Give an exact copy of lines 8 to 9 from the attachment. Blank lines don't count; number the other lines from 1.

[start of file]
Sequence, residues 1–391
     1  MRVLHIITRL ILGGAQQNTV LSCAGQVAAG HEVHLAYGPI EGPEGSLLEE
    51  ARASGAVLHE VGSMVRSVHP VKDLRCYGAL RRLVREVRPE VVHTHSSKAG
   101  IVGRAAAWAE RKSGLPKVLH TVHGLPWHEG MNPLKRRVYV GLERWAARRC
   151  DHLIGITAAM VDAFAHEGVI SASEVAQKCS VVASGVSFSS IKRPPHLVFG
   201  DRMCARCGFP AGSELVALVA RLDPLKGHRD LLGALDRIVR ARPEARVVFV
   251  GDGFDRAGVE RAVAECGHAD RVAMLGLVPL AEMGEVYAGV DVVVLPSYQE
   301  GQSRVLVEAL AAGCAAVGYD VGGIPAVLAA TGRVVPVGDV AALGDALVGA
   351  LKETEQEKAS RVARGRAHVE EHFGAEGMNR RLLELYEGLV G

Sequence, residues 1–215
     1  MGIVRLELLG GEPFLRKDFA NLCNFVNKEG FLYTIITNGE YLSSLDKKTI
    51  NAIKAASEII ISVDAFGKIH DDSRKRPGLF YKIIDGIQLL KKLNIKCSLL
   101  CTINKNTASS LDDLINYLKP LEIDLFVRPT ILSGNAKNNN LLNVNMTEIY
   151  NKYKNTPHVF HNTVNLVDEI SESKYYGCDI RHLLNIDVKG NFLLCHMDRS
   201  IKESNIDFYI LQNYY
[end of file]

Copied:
   301  GQSRVLVEAL AAGCAAVGYD VGGIPAVLAA TGRVVPVGDV AALGDALVGA
   351  LKETEQEKAS RVARGRAHVE EHFGAEGMNR RLLELYEGLV G